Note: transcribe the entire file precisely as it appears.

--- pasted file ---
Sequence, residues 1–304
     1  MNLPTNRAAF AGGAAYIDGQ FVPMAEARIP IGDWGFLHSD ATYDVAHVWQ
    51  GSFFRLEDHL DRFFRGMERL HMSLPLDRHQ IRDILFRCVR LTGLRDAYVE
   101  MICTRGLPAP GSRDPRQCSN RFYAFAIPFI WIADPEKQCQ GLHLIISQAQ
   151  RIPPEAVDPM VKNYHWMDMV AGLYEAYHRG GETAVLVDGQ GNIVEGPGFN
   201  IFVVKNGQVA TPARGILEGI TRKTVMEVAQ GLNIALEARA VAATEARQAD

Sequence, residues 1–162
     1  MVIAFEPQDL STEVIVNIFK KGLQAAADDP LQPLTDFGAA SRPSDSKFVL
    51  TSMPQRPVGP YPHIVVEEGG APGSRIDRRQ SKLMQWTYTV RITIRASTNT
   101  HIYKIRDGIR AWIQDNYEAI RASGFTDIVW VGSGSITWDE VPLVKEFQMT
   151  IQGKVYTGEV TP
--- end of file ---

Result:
Sequence, residues 1–304
     1  MNLPTNRAAF AGGAAYIDGQ FVPMAEARIP IGDWGFLHSD ATYDVAHVWQ
    51  GSFFRLEDHL DRFFRGMERL HMSLPLDRHQ IRDILFRCVR LTGLRDAYVE
   101  MICTRGLPAP GSRDPRQCSN RFYAFAIPFI WIADPEKQCQ GLHLIISQAQ
   151  RIPPEAVDPM VKNYHWMDMV AGLYEAYHRG GETAVLVDGQ GNIVEGPGFN
   201  IFVVKNGQVA TPARGILEGI TRKTVMEVAQ GLNIALEARA VAATEARQAD

Sequence, residues 1–162
     1  MVIAFEPQDL STEVIVNIFK KGLQAAADDP LQPLTDFGAA SRPSDSKFVL
    51  TSMPQRPVGP YPHIVVEEGG APGSRIDRRQ SKLMQWTYTV RITIRASTNT
   101  HIYKIRDGIR AWIQDNYEAI RASGFTDIVW VGSGSITWDE VPLVKEFQMT
   151  IQGKVYTGEV TP